The fate of pickleball courts in North Saanich, British Columbia, that were slated for closure may now be up in the air. Still, with one major stipulation: only softballs will be allowed, which has been met with resistance from the pickleball community.
Despite its growing popularity, Pickleball has faced various challenges during this period of growth. The most significant of these challenges has been the issue of noise.
Living near the sports courts can be bothersome for neighbors not accustomed to the sound of a solid paddle hitting a hard plastic ball. In urban areas, this sound can be incredibly grating. Some players have sought innovative solutions to this issue, such as implementing sound barriers and utilizing quieter paddles.
The noise is spurring a conversation on softballs being introduced to impact the sound in North Saanich. Initially, the North Saanich council was set on closing the courts at Wain Park due to noise complaints from neighbors and instead building new courts in other locations such as Cy Hampson Park, Blue Heron Park, and Hospital Hill. However, this was met with backlash from residents vehemently opposed to creating pickleball courts in Cy Hampson Park, as they believed it would disturb the park’s tranquility, require substantial structural changes, and take away from the designated dog space.
As a result, the council reversed its initial decision and instead instructed staff to look into banning standard pickleballs in favor of softer, quieter balls. The committee also asked staff to investigate a regional pickleball strategy with neighboring Sidney and Central Saanich.
In a recent article by Times Colonist, Mayor Peter Jones has indicated that staff will look into ways of enforcing the use of softballs. The Wain Road courts remain open if such a rule is enacted and pickleball players comply. However, if players fail to abide by the rule and noise complaints persist, the council may reconsider the decision to keep the courts open.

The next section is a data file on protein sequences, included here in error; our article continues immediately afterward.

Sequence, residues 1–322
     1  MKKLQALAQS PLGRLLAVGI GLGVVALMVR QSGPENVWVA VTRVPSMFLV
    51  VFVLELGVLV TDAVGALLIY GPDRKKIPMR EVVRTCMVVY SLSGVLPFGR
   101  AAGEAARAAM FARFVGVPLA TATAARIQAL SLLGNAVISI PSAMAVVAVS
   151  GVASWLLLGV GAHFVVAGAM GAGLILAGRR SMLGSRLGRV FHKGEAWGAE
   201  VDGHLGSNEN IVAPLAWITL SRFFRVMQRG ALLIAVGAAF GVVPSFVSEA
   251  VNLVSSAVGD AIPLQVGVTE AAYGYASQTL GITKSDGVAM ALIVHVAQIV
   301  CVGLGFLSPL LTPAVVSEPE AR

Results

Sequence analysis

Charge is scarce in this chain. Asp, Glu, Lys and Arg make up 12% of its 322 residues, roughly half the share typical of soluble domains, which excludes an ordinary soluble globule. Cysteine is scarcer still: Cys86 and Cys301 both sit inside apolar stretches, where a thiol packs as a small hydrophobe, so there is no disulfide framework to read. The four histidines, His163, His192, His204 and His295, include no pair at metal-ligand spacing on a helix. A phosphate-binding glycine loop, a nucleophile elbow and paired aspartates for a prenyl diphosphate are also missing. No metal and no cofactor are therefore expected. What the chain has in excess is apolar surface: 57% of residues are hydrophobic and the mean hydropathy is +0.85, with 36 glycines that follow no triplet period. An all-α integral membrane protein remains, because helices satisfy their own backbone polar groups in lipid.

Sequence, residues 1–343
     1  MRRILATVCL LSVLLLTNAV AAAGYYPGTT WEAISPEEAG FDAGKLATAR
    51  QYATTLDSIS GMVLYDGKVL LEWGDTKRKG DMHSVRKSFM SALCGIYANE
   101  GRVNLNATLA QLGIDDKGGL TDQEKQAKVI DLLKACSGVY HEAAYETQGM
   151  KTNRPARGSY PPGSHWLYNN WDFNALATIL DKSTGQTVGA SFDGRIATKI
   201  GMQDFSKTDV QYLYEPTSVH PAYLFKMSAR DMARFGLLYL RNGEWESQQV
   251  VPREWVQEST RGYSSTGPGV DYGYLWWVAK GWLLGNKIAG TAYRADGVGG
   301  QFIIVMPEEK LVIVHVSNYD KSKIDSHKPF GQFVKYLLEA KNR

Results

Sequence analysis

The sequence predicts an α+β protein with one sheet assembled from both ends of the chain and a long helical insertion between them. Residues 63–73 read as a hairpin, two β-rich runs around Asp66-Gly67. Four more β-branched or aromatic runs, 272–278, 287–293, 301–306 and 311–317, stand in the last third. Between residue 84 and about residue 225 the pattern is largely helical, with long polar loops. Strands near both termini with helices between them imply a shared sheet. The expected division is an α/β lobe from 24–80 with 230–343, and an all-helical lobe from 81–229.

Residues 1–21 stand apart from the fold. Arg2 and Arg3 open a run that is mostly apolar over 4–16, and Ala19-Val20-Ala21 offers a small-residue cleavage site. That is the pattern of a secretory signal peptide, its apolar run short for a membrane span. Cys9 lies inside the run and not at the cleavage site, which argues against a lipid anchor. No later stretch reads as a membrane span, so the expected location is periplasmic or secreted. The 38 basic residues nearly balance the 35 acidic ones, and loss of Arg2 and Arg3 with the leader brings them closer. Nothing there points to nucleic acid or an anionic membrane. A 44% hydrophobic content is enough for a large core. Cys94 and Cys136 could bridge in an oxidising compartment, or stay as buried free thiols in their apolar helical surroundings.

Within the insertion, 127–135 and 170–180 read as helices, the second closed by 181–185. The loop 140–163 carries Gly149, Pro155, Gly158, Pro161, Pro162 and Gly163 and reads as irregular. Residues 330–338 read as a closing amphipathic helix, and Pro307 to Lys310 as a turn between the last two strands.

Some pickleball players have opposed softballs and prefer the standard balls used in tournaments. However, proponents of the change argue that using softer balls will not significantly impact the game’s enjoyment and will result in fewer noise complaints.
Others, such as Brad Watson, president of the Saanich Peninsula Pickleball Association, argue that using softer balls is not a viable solution and will lead to declining usage of the courts. Instead, he advocates for installing acoustic fencing to reduce noise pollution.
Simon Vickers, tennis and pickleball supervisor for Recreation Oak Bay, has suggested that mandating the use of quieter paddles may be a solution that keeps the game of Pickleball the same. This approach has been successfully implemented in other communities.
Regardless of the decision reached by the council, it is clear that there is a requirement for compromise and cooperation between pickleball players and their neighbors to find a solution that allows everyone to enjoy the community spaces they value.
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